JUAN MARTINEZ, PROSECUTOR: You`re the only one that knows about this memory stuff.

SHERRY STEPHENS, PRESIDING JUDGE: Regarding shaking memory, foggy reaction.

MARTINEZ: The way you describe that, it`s impossible for the killing to have happened in that manner, isn`t it?

ARIAS: That`s according to you.

UNIDENTIFIED MALE: All this fictitious, crazy story is something she made up.

MARTINEZ: All in 62 seconds? That`s what you`re telling us? You still don`t know where the knife is, do you?

ARIAS: I remember that, dropping the knife and (inaudible), but it goes blank after that.

STEPHENS: How is it possible you remember such details from those days, if you had a foggy memory?

ARIAS: Do you remember that you just said that a minute or so ago?

ARIAS: I ran. And he was still conscious. He was alive.

UNIDENTIFIED MALE: As he tries to get away, she finishes him in the hallway and drags him back.

ARIAS: There`s a huge gap. And the most clear memory that I have after that point is driving in the desert.

STEPHENS: After all the lies you have told, why should we believe you now?


JANE VELEZ-MITCHELL, HLN HOST: 18 days and done, moments ago Jodi Arias stepping off the witness stand after a marathon, marathon series of days upon days of testimony, not before the prosecutor, however, cornered her, saying Jodi`s version of that just does not add up because she had a very short amount of time to kill Travis. 62 seconds to be exact, based on what the camera accidentally captured at the start of the confrontation, and then at the end of the killing when it inadvertently went off again.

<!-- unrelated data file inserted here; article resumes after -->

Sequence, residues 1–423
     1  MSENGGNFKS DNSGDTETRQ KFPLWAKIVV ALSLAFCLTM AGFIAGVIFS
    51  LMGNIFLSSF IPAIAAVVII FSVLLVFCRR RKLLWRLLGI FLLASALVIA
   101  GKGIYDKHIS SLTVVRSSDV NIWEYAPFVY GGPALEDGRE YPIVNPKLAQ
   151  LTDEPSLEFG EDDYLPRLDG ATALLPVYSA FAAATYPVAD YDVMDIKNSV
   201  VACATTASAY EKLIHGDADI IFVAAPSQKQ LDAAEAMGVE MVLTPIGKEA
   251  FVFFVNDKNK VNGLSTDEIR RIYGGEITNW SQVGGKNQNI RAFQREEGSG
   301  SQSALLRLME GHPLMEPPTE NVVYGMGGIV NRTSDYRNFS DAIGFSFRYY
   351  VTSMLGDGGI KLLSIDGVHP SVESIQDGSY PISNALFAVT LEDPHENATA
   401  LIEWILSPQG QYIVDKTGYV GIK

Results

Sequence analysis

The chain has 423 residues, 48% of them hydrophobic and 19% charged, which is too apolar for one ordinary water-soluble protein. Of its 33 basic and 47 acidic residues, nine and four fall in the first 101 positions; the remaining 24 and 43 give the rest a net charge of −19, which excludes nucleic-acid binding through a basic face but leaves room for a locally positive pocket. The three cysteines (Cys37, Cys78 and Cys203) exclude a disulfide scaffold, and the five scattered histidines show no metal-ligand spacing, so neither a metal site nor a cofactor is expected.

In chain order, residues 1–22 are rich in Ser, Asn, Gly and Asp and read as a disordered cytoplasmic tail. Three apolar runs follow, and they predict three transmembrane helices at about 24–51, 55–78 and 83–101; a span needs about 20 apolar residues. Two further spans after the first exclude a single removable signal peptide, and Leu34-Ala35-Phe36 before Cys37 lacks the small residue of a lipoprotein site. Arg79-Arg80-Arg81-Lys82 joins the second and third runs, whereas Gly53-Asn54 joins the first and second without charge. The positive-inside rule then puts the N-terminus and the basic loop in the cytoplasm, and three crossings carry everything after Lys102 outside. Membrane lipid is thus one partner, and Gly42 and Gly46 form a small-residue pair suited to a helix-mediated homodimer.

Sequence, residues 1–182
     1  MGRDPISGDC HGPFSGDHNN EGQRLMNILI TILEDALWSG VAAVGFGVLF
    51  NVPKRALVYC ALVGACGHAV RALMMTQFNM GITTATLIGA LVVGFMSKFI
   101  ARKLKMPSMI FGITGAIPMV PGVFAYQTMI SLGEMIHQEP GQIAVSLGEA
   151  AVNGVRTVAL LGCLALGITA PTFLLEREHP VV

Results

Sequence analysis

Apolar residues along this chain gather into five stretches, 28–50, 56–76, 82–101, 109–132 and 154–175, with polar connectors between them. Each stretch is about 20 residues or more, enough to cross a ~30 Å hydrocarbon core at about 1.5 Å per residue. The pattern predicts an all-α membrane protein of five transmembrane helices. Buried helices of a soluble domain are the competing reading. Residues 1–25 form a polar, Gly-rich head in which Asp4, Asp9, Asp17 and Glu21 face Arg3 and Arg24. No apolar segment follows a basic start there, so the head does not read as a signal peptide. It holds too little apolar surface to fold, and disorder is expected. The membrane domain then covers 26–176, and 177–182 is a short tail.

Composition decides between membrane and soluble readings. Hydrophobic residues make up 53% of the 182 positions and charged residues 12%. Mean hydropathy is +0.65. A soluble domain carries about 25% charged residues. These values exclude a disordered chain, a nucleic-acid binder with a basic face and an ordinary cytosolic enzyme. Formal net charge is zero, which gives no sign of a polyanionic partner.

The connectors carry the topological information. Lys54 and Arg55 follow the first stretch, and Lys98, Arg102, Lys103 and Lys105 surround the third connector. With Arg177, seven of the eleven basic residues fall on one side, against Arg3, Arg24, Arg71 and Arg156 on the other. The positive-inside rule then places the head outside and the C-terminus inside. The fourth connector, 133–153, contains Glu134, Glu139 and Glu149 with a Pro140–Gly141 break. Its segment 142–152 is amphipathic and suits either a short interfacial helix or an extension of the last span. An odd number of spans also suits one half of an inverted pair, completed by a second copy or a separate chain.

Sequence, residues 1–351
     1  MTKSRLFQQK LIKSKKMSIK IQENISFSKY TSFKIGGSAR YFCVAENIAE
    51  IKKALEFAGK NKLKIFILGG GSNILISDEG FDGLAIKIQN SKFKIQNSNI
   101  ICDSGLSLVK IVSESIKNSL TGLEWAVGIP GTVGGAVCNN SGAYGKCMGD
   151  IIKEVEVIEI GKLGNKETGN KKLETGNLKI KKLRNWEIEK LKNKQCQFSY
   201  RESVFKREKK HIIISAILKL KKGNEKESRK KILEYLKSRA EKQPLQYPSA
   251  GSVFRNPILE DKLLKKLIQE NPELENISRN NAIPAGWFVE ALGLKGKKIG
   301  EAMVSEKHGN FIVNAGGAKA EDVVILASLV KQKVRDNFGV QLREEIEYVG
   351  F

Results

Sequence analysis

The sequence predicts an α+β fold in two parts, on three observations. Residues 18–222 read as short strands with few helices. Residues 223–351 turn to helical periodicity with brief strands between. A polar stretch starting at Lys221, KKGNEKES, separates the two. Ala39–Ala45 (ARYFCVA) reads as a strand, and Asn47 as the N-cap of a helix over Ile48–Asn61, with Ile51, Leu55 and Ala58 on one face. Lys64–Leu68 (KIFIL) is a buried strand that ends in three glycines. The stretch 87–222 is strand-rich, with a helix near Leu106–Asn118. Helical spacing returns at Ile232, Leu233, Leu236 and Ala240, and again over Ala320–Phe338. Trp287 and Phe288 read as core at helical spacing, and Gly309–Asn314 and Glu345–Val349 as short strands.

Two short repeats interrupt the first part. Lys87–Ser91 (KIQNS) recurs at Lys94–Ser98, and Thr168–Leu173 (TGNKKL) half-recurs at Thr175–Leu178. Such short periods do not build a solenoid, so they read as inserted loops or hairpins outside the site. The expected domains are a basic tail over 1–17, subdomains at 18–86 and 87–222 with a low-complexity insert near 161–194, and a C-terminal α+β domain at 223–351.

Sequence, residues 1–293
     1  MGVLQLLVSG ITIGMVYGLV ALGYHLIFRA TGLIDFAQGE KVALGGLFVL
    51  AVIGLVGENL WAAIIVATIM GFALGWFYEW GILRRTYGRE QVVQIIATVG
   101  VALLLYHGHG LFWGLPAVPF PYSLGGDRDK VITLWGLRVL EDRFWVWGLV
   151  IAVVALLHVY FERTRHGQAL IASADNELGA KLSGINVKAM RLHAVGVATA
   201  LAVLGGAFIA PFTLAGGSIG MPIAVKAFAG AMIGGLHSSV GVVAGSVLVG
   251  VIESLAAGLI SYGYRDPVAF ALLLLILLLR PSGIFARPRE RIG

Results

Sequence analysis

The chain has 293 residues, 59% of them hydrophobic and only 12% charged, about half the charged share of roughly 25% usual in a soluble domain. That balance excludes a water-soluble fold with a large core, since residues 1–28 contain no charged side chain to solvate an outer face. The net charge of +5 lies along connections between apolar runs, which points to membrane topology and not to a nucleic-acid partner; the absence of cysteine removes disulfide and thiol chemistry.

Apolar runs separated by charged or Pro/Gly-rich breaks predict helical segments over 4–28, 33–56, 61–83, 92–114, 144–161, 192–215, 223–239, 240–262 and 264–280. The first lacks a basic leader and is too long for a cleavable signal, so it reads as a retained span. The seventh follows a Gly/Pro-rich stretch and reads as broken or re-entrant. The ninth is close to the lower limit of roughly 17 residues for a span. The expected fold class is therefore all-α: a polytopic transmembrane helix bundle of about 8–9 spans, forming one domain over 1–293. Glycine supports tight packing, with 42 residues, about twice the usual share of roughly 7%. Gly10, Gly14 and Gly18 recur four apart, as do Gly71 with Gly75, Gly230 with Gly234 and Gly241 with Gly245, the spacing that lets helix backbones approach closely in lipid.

We`re going to break it down. Listen to this.


MARTINEZ: You are body slammed, you get away. You go down the hallway, you go in the closet. You get the gun. You go into the bathroom again. You then turn around and load the gun. You shoot him. He goes down, he`s still hollering at you, and saying "(EXPLETIVE DELETED) kill you, bitch". And then, after you`re able to get away, you go get a knife and he ends up at the end of the hallway, all in 62 seconds, that`s what you`re telling us?

ARIAS: No, that`s not what I`m saying.


VELEZ-MITCHELL: Let`s break it down. 5:30 p.m. this is the last photo of Travis alive. Then 5:31 we see the first accidental photo, the one where Jodi supposedly dropped the camera. Then just 62 seconds later, Jodi is seen standing over Travis` bloody body. It`s a murky photo, but that`s what everybody pretty much agrees is the case. That Jodi Arias is standing over Travis` very bloody body.